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Radio Carbon Dating and Dendrochronology

18 May 2014

Tim Cullen continues with part two of his critique of C14 dating – go to http://malagabay.wordpress.com/2014/05/16/carbon-14-libbys-ring/ … which is something of an eye opener in some respects and is mainly a history of the method and how it became embedded in the mainstream as a means of upholding consensus dates and the like. We have of course published a raft of articles in SIS journals on radio carbon and other dating methods, mainly because the dates produced do not suit the scope of the various revised chronologies that have become popular at different points of time over the last 40 years. Yes, SIS has been going for 40 years – and this is the anniversary year.

Tim Cullen describes how it all started, the brain child of Willard Libby. It then describes how the methodology was gradually introduced and adopted by difference science disciplines. On page 8 he introduces dendrochronology where Willard Libby experienced problems. Fitting C14 to various mainstream dates seemed to work quite well but when it came to tree rings – it wasn't plain sailing. Libby was forced to accept a corrective curve based on dendrochronology – proposed by the dendrochronologists (and this is still the situation). This means the dendrochronologists tree ring data was seen as superior – but who was backchecking the tree ring construct. Was it a case of one scientist shouting louder than the other and getting their point of view accepted to the detriment of the other scientist (whose C14 methodology was viewed as slightly suspect as it could at times produce a variety of dates whereas tree rings were more precise). So, if there is an error in tree rings it has existed for many a long year – long prior to the Belfast dendrochronology that has published all its data for everyone to see.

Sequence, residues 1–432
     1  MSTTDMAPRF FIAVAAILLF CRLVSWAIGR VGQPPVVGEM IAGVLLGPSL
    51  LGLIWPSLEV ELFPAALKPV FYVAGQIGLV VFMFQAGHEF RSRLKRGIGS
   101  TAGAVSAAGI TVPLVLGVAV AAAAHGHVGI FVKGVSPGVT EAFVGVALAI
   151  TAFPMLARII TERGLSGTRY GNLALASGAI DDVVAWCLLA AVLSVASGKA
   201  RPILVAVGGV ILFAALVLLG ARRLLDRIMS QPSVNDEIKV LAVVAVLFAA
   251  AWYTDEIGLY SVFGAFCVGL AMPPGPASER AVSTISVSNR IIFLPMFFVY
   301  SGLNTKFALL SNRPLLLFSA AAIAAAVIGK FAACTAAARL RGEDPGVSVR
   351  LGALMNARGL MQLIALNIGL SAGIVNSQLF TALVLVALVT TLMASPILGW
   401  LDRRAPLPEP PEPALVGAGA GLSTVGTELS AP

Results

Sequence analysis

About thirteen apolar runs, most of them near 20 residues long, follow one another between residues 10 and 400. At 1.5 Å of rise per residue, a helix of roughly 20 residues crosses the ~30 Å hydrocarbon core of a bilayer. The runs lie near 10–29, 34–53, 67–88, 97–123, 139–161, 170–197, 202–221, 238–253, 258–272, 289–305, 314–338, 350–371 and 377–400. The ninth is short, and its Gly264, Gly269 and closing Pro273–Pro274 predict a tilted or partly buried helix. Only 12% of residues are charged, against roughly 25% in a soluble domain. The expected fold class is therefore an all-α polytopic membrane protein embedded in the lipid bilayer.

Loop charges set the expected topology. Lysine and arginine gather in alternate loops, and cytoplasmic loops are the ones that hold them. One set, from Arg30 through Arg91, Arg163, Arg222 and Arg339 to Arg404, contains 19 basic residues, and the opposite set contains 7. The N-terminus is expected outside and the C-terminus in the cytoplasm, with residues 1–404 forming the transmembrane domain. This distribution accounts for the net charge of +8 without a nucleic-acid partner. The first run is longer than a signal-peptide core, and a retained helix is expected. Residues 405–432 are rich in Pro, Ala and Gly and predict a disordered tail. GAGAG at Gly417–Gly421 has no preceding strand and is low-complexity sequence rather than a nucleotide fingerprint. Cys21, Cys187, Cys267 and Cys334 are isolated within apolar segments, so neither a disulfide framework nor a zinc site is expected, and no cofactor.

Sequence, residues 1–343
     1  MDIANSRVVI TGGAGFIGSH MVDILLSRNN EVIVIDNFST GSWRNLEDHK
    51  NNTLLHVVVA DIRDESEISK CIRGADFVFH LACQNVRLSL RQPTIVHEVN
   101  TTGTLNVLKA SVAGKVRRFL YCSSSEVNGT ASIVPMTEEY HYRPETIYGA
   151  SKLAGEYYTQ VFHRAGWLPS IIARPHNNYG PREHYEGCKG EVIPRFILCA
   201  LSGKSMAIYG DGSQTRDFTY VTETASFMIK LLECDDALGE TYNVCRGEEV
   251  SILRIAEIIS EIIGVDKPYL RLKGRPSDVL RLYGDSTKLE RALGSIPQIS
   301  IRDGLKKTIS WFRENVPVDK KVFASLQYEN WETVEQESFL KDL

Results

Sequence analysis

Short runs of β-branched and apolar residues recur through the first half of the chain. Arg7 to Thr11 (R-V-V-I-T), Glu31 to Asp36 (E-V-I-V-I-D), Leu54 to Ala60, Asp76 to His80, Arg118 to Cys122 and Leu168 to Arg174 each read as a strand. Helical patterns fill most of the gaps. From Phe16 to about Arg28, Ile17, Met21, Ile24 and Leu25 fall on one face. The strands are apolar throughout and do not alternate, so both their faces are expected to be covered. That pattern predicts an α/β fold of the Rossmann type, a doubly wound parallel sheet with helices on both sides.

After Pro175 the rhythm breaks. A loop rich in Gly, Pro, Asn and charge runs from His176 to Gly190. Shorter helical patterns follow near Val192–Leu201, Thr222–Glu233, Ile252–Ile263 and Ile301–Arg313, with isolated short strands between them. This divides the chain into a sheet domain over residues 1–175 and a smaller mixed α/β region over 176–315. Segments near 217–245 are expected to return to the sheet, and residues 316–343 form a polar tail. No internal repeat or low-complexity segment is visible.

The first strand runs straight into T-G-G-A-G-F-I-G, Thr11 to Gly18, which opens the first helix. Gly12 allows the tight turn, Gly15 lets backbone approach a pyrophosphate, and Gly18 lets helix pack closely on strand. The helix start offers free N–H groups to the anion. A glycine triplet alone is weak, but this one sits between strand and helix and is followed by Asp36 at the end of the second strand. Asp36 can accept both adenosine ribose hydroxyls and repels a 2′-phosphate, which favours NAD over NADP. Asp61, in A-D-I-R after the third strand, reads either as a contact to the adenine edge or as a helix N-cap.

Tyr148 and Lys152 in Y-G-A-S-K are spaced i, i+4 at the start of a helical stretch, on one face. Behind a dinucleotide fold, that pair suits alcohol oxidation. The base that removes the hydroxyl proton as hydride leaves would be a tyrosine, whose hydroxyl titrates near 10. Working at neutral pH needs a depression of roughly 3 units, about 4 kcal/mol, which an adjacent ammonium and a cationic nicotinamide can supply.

As a result of the corrective curve, which supported consensus historical dates as worked out more labouriously by scholars using pen and paper, and all sides were happy – not sure about Libby however as he lost control of C14 and was sidelined. It was taken over by mainstream – and that is where it is now. As such, it is settled science – you are not allowed to think the unthinkable. Tim Cullen seems to imply the calibration curve was introduced because of the inability of tree rings to conform to Libby's raw C14 – nothing to do with C14 plateaus, or peaks and troughs. That is an added problem that modern researchers have found. Basically, Libby began with the assumption that C14 levels in the atmosphere were constant. The reality of plateaus reveals this is not so – but to what extent are tree rings more reliable, and how much compromise between the two methods was allowed in order to reach an acceptable base line. Tim Cullen, like many others, has pointed out that nowadays C14 is used to calibrate dendrochronology and dendrochronology is itself used to calibrate C14 (a sort of circular reasoning). Tim Cullen has further posts up his sleeve – to be published in due course.

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